I would like to take this opportunity to focus on the brave men and women who selflessly dedicate your lives to protecting the freedoms that we all enjoy as American citizens. Growing up in a military family myself, I feel privileged to have the opportunity to show my gratitude for your sacrifices, by supporting you with your financial concerns and helping you plan for your futures.
As a member of the military, you may have some special opportunities, and challenges, when preparing for retirement. It is important for the spouse, as well as the service member, to understand your benefits, and to be involved in the long-term planning process.
MILITARY PENSION OPTIONS
Generally, service members who serve a sufficient time on active duty, or in the Reserves or Guard, may receive retired pay. Generally, if you serve at least 20 years, you may be eligible for a pension that is a percentage of your base pay. This military pension is guaranteed for life, adjusted for inflation, and immediately available upon retirement from military service, regardless of your age. In addition, service members who become disabled, while on active duty, may receive medical disability retired pay.
There are four basic retirement plans: Final Pay, High-36, or Career Status Bonus/REDUX (CSB/REDUX), and Disability. Each plan determines monthly retired pay based on a percentage of the service member’s retired pay base. Retirement pay and how it’s calculated differs depending on the plan. The Final Pay plan is available to service members who entered service before September 8, 1980; High36 is the plan for members entering service between September 8, 1980, and July 31, 1986; and members beginning service on or after August 1, 1986, can choose between the High-36 or CSB/REDUX plan upon reaching 15 years of service. Service members who have been determined to be unfit for duty with a disability may be eligible for Disability retired pay. For more information on military retirement plans, go to militarypay.defense.gov.
Even if you have a pension and/or Social Security, like most civilians, it might not be sufficient to meet your retirement income needs. That’s why it’s important to save for retirement on your own. To help maximize your chances of attaining a financially confident retirement, start with a realistic assessment of how much you’ll need to save. Estimate your annual retirement expenses by using your current expenses as a starting point, realizing that your retirement expenses actually may differ quite significantly. For instance, you may have a mortgage now, but not when you retire, and your health-care expenses may increase during your retirement years.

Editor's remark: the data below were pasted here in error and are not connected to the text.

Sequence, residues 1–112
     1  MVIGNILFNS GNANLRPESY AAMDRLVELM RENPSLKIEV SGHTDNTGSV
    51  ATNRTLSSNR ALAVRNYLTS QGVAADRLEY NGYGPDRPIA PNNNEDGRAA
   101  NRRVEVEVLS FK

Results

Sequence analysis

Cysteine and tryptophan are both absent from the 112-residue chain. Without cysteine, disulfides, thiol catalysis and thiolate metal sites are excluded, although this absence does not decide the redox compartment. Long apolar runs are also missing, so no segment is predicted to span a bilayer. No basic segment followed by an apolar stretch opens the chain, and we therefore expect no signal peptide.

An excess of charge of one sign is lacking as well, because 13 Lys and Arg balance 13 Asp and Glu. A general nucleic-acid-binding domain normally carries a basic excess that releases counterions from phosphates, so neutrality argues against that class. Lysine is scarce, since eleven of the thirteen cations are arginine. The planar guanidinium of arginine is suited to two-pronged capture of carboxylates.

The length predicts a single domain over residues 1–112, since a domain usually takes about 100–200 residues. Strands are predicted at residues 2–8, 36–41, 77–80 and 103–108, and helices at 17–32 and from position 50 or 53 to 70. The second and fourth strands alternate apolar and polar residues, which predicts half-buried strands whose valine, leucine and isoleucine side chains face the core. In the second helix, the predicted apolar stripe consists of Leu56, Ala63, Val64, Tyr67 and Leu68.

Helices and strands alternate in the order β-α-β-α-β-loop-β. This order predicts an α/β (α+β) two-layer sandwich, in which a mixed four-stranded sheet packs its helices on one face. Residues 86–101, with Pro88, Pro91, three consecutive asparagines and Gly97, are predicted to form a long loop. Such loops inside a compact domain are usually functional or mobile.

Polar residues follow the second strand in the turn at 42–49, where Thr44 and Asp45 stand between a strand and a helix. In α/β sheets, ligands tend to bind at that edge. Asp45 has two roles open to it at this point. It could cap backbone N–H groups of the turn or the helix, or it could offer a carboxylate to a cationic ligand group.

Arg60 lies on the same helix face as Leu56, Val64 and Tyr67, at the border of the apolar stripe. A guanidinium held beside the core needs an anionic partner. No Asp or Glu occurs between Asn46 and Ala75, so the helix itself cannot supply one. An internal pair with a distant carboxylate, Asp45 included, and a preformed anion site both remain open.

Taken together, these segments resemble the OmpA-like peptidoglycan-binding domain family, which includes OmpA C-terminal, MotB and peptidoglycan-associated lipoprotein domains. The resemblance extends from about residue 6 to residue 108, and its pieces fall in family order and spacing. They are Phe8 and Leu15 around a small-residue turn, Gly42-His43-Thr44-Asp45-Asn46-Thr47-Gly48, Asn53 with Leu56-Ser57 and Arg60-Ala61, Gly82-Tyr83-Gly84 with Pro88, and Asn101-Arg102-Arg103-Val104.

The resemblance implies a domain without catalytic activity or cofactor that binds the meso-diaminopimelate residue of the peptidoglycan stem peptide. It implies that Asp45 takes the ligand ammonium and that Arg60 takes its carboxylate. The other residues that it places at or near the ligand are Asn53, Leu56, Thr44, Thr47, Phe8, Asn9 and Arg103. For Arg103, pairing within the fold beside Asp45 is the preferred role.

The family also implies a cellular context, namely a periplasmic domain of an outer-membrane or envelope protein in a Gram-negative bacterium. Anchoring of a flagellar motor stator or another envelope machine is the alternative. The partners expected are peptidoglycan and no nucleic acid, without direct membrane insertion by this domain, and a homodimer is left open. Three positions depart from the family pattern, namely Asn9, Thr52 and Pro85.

Next, you will need to determine your resources for estimated future income. Sources of income may include Social Security, military, and private pensions. If your estimated annual retirement expenses exceed your estimated retirement income, the shortfall will have to come from personal savings.
When you know roughly how much money you’ll need, your next step is to map out a savings plan that works for you. As an active service member, you can contribute to the government’s Thrift Savings Plan (TSP). The TSP is a retirement savings plan for federal employees, including military service members. When you make traditional contributions to the TSP, you get the same types of savings and tax benefits as you would if you contributed to a 401(k). It’s simple to contribute; your regular contributions are deducted from your paycheck before taxes, and your contributions and any earnings accumulate tax deferred. You can also opt to make after-tax Roth contributions. They won’t reduce your current tax liability, but qualified withdrawals in retirement will be tax free (assuming IRS requirements are met).
You can enroll, change, or cancel your contributions whenever you’d like. You can contribute as little as 1% or as much as 100% of your basic pay (or a designated dollar amount) each pay period, up to what’s called the elective deferral limit for the year. You may also contribute a percentage of your incentive pay, special pay, bonus pay (but you can’t make catch-up contributions from these types of pay), or tax-exempt pay during deployment, subject to contribution limits.
Withdrawals from a Roth account prior to age 59 ½ or prior to the account being opened for 5 years, whichever is later, may result in a 10% IRS penalty tax. Future tax laws can change at any time and may impact the benefits of Roth accounts. Their tax treatment may change.
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